One catch: since even 1,000 words can be intimidating on a screen, your piece needs a strong hook of no more than 120 words (or eight lines for poetry) to be visible on the main blog page. Mark the end of your hook with [MORE]. Even our editors will only read further if you’ve piqued their interest.

Submission Guidelines:
Submissions must have fewer than 1,000 words with a hook no longer than 120 words (or eight lines for poetry). Submissions must be engaging to Latter-day Saints and engage with their Mormon identity in some way.

Authors may submit up to three works. Each submission must be attached to an email as a .doc or .pdf file. The selection process is blind, so the author’s name should not appear on the document.

Email any questions and your submissions to Submission emails should contain the author’s name, the titles of each submission, and contact information (telephone number or email address).

By submitting, authors give us the one-time rights to publish their work electronically. Previously published work is OK if you still have the rights to the piece and if it meets the above contest requirements (don’t forget to add a [MORE] tag to the end of your hook).

The prize:
The contest editors will select six to twelve finalists. All finalists will have their short works published online in May 2013 and actively promoted across the LDS blogosphere by the Mormon Lit Blitz team.

After all pieces have been published, readers will vote on a single Grand Prize Winner, who will receive a Kindle and a small library with LDS literary works in eBook format, including Parley P. Pratt’s classic short “A Dialogue Between Joseph Smith and the Devil,” Peculiar Pages’ recent Monsters & Mormons anthology, Zarahemla Books’ Dispensation: Latter-day Fiction, the poetry anthology Fire in the Pasture, and James Goldberg’s The Five Books of Jesus.

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6 Responses to Mormon Lit Blitz Deadline Extended

  1. Wm says:

    I’m glad things are going a bit better now and hope that you and your family has less broken-ing in your lives over the next six months (and beyond).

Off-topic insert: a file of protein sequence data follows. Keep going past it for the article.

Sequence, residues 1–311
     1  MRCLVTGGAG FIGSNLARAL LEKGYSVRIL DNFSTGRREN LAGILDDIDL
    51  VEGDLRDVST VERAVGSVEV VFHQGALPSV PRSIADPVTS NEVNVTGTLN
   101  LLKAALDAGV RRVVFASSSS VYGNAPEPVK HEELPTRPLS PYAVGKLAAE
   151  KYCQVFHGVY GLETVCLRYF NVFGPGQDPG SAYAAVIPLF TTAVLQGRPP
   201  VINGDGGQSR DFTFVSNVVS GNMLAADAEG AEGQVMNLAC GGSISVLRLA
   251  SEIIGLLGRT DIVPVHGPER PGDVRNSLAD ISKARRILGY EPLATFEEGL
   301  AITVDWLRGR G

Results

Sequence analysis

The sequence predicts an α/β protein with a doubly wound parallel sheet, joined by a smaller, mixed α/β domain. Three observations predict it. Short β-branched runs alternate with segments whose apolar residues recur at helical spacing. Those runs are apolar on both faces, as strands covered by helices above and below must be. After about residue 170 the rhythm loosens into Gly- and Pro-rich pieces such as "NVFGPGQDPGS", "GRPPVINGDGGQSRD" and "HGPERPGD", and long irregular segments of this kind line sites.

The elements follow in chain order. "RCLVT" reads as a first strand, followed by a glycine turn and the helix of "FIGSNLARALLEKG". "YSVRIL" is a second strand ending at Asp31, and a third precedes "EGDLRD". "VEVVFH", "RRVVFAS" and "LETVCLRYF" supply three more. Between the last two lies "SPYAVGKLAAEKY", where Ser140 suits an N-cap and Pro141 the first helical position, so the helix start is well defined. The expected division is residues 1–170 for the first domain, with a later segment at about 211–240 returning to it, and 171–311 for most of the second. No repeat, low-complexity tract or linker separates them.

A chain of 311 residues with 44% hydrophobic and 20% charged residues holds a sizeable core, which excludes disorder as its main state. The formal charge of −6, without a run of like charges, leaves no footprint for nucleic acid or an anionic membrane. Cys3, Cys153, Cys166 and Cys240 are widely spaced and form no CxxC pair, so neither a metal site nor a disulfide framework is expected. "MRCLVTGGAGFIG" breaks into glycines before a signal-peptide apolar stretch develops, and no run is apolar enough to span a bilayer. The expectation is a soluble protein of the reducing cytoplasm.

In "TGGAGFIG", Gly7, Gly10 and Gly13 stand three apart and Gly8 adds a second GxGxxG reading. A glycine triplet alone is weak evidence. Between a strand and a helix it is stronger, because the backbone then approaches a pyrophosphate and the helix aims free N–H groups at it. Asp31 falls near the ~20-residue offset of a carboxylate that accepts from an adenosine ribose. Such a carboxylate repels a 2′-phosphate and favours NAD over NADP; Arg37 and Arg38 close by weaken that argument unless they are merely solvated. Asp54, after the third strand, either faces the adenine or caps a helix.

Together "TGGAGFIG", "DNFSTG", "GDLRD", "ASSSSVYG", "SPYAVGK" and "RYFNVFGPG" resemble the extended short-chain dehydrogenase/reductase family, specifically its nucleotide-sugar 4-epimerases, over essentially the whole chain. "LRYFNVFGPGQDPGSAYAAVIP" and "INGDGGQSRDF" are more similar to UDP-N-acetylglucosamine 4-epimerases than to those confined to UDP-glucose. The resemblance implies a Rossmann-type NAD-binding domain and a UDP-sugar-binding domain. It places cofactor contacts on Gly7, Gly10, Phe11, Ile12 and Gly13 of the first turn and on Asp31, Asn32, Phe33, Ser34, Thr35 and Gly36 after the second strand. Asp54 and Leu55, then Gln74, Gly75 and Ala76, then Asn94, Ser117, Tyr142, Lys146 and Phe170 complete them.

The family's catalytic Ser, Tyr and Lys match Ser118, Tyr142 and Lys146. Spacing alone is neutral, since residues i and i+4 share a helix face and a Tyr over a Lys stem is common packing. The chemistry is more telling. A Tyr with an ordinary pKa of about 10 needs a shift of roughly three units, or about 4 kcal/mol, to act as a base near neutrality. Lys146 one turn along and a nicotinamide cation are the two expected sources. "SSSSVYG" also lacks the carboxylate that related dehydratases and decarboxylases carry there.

2. Mark Penny says:

    Man! You guys are living the nightmare! I am definitely praying for you.

    I take it no screens were crackef in the posting of the rules. Thanks, and may tbe bad Karma be swalowed up in the blessings you need and deserve.

  3. emily falke says:

    Oh, no! I am so very sorry to hear about all the trials you’ve been experiencing lately! I hope your baby continues to grow healthy and strong and that things stop breaking in other aspects of your life!

  4. Thank you all for the good wishes. I certainly also hope that things get easier.

    That said, the relevant point for Mormon Lit is that stories do matter during times when life is not so easy. And to me, that’s the true test of great art: does it speak to you in challenging times?

    We have a tendency as writers to focus on craft and define good as “well-written.” I absolutely believe in craft, but for me craft is a means to the end of human connection. The four works I mention are certainly well-written, but in ways that heighten the human connection I feel through the piece.

    “Stillborn” works partly because it effectively uses selective detail to evoke a wide range of the ephemeral expectations that come with pregnancy. The craft connects.

    “Release” is so meaningful for me because Morris effectively juxtaposes the mundane, routine feelings of certain actions with a moment of revealed weight, when things that seemed small turn out to be the same things we’d stake our whole souls on. I love the piece because it gives a voice to that feeling.

    The juxtaposition in “Second Coming” matters to me because it’s at once so flippant and so sincere. The humor of “Second Coming” is a lot like the humor I’ve relied on through the past winter–being able to smile at the troubles of this world, to shrug and get by, while still acutely feeling the problems of being alive.

    And Steven Peck’s tale of caninicide matters to me because it gives me engaging and articulate permission to feel a little like I’m drowning sometimes. If there can be such mercy in the universe as the narrator of that story shows for the title’s bishop, there can certainly be some mercy and breathing room for me when the tiniest little problem suddenly makes me feel like I’m losing my mind.

    This stuff matters. Mormon literature matters. And to me, it matters because craft can concentrate meaning.